The city government through the General Services Office has intensified waste management efforts as the city’s daily waste generation increased to 550 tons from 400 tons during the pre-pandemic times and 320 tons during the pandemic.
The rise in waste production was based on the result of the 2022 Waste Analysis and Characterization Study (WACS) which is required of the city every three years as per Republic Act 9003 or the Ecological Management Act of 2000.
General Services Officer Eugene Buyucan said the 550-ton daily output was only for a normal day waste production and thus can even rise during events and peak tourist seasons.
He said the WACS findings meant each person generates 0.55 kg. per day at present as against the 0.45 kg per person per day findings in 2016.
He said to address this, his office stepped up the waste segregation and recycling campaigns in all barangays to reduce the production rate.
The city is also set to build a centralized materials recovery facility soon with the required budget already worked out.
It will boost the operations of the five existing barangay-based MRFs which are all contributing to waste reduction efforts.
The office is also continually networking with non-government organizations to amplify programs like zero waste and reduce, recycle, reuse through information, education, and communication campaigns in the communities.
Buyucan attributed the rise in waste generation to the new normal lifestyle of the people embracing delivery and online purchases.
“Online purchases require packaging and wrapping and this entails voluminous wastes added to the regular wastes generated,” he said.
He said the increased waste production is also caused by the surge in tourist arrivals after the lifting of the pandemic restrictions.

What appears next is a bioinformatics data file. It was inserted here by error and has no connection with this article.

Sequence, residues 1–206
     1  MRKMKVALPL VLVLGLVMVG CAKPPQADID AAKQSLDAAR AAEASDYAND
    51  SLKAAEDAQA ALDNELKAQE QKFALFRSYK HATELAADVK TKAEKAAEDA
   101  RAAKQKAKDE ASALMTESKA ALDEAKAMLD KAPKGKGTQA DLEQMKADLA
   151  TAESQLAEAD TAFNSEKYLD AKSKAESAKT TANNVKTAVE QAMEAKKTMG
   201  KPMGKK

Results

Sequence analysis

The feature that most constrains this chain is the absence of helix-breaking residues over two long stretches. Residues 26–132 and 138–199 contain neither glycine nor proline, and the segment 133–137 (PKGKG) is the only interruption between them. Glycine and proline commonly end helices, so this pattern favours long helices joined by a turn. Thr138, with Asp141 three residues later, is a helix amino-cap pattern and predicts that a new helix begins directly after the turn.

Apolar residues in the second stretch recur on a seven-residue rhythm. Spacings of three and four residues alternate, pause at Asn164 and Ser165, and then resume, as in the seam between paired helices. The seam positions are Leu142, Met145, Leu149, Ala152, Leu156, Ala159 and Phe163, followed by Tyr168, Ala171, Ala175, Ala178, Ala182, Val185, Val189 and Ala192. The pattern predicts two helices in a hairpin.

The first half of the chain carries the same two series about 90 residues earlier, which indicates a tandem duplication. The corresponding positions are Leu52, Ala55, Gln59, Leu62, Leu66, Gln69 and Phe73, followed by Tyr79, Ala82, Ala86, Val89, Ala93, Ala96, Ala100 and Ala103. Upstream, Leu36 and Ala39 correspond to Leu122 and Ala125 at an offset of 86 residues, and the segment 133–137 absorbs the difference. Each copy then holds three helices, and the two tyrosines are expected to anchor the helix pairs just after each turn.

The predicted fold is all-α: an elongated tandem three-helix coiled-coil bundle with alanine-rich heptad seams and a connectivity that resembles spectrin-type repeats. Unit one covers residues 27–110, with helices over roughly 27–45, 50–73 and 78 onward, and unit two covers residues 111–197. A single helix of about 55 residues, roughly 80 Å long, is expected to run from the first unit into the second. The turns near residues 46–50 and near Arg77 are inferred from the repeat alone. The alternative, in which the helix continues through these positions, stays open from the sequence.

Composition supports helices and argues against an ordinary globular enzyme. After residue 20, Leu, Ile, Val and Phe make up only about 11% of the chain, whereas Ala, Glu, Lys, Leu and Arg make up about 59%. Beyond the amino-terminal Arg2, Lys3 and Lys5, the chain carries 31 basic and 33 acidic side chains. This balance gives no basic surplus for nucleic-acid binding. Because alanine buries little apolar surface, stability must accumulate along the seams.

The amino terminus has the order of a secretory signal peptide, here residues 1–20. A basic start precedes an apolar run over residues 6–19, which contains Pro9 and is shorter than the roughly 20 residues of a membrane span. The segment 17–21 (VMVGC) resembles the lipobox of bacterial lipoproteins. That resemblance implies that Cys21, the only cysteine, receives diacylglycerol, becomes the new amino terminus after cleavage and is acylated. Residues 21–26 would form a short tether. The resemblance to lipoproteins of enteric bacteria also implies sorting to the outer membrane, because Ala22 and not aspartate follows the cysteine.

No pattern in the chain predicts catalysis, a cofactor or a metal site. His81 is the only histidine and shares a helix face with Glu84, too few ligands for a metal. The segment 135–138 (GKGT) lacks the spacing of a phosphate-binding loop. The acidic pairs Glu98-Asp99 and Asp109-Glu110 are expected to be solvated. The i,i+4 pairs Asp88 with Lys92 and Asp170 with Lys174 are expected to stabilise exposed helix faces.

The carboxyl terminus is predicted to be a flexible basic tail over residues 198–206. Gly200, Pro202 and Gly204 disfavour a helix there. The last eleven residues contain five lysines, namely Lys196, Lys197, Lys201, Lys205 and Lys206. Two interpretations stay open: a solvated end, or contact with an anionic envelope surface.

“More people equals more garbage. It’s that simple and we need the cooperation not only of our residents but also of our visitors in managing our garbage through segregation, reducing, recycling and reusing methods,” he said.
Mayor Benjamin Magalong earlier noted a marked improvement in city residents’ discipline in managing their wastes but said it is still wanting for a truly clean and orderly city.
“Compared to the previous years, we have seen a big improvement in the way people dispose of their garbage lately. I know that it cannot be done overnight and we are happy that people are slowly but surely adopting a change of mindset,” he said.
He however added that more needs to be done if the city wants to achieve its dream of clean and orderly city noting the city’s experience in the past typhoon where flooding incidents were once again experienced due to waste materials that clogged drainage inlets, canals and other waterways.
“Sadly despite our constant reminders, there are still irresponsible people who have no care for their environment. I hope we will all learn discipline and be conscientious of how our careless attitude has been affecting the entire city and our fellow residents,” he said. – Aileen P. Refuerzo